Have you ever had a gritty, stinging, burning sensation in your eyes while on holiday in the snow? If so, you may have dry eye.
The half term holidays are fast approaching! Skiing, fondue, a well-earned rest… everything seems perfect, but not so much for your eyes! The winter months can be a challenge for people who suffer from dry eye. The air is dry and cold, which makes it harder to keep your eyes lubricated and hydrated. Factor in the sun and wind on top of this, and the risk of suffering dry eye increases.
How do the wind and sun affect our eyes in the snow?
The wind makes our eyes dry out faster. The tears that protect our cornea evaporate quickly, accentuating the sensation of dry eye. At the same time, when it’s cold, our eyes release more tears in order to insulate themselves from the cold. The problem is that this tear secretion is not normal, and in the long run this can blur our eyesight or damage the cornea.
The sun is dangerous for our eyes at the best of times, but even more so when it’s snowy. The ultraviolet (UV) light reflected by the snow can irritate the ocular surface. It is important to be aware that snow reflects 40–90% of UV radiation and that the UV index increases by 10% with every 1000 metres of altitude. The eyes become hypersensitive to light and a stinging and burning sensation may be felt. Inflammation of the eyes, known as keratitis, may also develop.
Even if the sun isn’t out, UV light passes through clouds, so you need to protect your eyes even when the sky looks cloudy.
This means it essential to wear sunglasses if you want to give your eyes the best possible protection.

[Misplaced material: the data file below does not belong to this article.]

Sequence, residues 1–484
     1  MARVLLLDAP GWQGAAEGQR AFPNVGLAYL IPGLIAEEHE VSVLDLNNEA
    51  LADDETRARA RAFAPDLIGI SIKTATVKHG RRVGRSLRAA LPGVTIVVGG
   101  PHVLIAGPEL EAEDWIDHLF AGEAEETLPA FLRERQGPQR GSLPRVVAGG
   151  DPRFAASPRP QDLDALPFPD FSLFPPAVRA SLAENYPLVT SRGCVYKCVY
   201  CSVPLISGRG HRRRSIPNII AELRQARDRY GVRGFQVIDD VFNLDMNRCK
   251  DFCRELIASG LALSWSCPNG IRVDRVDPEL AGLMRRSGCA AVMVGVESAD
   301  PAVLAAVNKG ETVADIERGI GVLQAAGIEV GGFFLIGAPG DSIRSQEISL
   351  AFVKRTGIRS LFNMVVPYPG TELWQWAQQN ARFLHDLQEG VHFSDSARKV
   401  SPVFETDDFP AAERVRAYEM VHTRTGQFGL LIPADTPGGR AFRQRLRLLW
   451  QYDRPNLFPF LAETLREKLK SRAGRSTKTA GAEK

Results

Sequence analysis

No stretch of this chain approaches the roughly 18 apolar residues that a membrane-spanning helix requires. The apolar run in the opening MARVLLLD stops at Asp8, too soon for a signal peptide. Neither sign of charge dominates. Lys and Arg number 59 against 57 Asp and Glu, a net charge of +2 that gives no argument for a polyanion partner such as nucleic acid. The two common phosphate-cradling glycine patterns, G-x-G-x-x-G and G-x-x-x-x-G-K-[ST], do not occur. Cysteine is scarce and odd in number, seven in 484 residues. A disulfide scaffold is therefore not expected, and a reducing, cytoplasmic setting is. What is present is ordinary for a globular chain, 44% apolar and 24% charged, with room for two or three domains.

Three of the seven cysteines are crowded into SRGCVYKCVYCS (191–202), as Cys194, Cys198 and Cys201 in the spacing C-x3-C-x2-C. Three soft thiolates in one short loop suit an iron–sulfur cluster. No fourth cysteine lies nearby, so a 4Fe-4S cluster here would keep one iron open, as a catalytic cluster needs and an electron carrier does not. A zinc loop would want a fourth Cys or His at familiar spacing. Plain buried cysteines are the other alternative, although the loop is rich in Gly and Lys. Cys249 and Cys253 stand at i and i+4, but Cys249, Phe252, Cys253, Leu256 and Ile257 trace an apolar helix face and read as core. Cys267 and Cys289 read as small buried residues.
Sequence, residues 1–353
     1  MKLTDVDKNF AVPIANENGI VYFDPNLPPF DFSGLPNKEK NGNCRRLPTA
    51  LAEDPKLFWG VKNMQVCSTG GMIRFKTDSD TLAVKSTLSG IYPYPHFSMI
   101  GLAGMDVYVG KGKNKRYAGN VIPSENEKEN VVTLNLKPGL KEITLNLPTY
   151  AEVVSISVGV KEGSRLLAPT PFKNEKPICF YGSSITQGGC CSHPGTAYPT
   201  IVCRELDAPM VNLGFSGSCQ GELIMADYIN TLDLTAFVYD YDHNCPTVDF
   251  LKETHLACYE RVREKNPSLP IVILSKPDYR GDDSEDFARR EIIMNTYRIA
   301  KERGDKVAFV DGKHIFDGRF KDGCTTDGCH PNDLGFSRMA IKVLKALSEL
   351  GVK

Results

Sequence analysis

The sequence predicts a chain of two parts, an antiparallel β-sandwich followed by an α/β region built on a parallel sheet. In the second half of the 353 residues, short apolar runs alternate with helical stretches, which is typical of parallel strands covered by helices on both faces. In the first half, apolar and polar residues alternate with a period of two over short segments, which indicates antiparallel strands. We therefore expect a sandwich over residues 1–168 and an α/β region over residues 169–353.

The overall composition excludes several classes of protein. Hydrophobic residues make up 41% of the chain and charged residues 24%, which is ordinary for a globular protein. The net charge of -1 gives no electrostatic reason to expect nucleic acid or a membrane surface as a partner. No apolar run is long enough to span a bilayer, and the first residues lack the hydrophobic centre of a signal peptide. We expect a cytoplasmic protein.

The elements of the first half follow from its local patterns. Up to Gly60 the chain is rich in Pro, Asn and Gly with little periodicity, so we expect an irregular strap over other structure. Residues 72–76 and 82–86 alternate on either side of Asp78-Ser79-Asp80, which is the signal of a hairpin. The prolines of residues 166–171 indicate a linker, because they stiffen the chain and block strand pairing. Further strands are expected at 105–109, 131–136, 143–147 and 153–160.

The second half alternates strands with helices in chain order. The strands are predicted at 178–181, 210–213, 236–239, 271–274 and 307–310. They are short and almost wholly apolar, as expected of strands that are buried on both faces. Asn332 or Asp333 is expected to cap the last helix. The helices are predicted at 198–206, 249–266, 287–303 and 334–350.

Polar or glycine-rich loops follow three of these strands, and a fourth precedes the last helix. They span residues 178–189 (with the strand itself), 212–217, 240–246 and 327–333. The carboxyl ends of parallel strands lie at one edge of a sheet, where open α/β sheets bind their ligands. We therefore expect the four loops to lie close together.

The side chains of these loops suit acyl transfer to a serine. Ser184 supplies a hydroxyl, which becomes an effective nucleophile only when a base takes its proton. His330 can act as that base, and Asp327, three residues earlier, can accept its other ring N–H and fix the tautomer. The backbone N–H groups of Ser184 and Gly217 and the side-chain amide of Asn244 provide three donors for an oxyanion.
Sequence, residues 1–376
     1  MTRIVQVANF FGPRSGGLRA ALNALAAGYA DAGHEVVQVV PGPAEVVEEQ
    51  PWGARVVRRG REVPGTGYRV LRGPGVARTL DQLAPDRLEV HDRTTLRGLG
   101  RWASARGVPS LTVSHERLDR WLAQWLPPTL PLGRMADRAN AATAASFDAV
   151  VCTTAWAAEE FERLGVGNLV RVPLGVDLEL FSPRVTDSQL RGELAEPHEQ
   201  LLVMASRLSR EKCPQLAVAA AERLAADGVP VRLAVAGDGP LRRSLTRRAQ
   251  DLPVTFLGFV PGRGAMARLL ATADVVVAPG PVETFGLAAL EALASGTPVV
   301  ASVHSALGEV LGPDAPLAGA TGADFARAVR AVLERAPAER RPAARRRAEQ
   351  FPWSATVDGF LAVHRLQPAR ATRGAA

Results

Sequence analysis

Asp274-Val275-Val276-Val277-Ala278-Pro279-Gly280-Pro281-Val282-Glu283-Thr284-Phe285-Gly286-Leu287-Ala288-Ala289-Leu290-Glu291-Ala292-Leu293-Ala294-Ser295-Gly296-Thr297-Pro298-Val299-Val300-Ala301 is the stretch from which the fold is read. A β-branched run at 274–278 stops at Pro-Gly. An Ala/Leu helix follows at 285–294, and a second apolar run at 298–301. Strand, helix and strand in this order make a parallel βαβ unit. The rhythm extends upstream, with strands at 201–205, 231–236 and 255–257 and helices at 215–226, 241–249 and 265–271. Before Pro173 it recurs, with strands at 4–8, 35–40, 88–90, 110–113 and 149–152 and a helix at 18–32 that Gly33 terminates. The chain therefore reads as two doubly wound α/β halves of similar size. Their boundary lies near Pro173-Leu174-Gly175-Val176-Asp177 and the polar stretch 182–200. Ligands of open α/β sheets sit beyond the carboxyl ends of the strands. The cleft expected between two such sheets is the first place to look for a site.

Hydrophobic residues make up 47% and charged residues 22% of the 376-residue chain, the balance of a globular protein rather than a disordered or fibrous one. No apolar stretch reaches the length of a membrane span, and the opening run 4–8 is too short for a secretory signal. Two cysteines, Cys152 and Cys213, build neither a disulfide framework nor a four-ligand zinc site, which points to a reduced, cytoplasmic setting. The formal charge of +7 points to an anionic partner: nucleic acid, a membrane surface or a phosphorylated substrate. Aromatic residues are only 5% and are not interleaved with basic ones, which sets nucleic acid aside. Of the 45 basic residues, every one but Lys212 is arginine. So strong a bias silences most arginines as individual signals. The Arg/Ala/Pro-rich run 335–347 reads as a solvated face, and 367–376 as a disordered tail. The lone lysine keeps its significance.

How can I choose the best sunglasses?
We’re more likely to think about taking our sunglasses with us when we go on holiday in the summer, but we also need them for the snow. It’s not always easy to choose the right pair, because there are so many on the market.
To protect your eyes as much as possible, we recommend you look at the UV protection rating. You should ideally choose sunglasses with a high rating, for maximum protection.
Babies, young children and people with light-coloured eyes are the most at risk in the sun. They therefore need optimal protection.
You also need to choose the right type of glass, which will depend on how you are using your sunglasses. Opt for category 3 or 4 sunglasses to ensure full protection in the mountains.
Category 4 glasses allow only 3–8% of light to pass through and are reserved for activities in high-exposure conditions. For example, driving while wearing this type of sunglasses is prohibited.
Finally, pay attention to the colour of the glass. Sunglasses may be a fashion accessory, but you need to prioritise the health of your eyes. The darker the glass, the more it will protect your eyes. Yellow and orange shades accentuate relief and contrast. They are recommended only for when it is foggy or at the end of the day.
For more information, visit an optician, who can help you choose the right sunglasses.
How can I protect my eyes in the snow?
- Stay well hydrated: as humidity levels are lower, your eyes will be lacking in water, so make sure you stay well hydrated to compensate for the water lost due to the dry air (around 1.5 to 2 litres of water per day).
- Opt for wrap-around sunglasses to avoid the drying effects of the wind and sun.
- Do not overheat the house when you get back in the evening: a temperature between 19°C and 21°C is sufficient. Turning the heating up too high will dry your eyes out even more.
- Make sure you keep blinking to ensure your tears spread properly over the ocular surface.
- Use eye drops to hydrate your eyes and compensate for the lack of natural tears.
- Avoid wearing contact lenses or limit the duration of use.
For more advice, check out our news item “Dry eye and preventative care“.
IF YOU ARE SUFFERING FROM DRY-EYE ISSUES, PLEASE SEE AN OPHTHALMOLOGIST.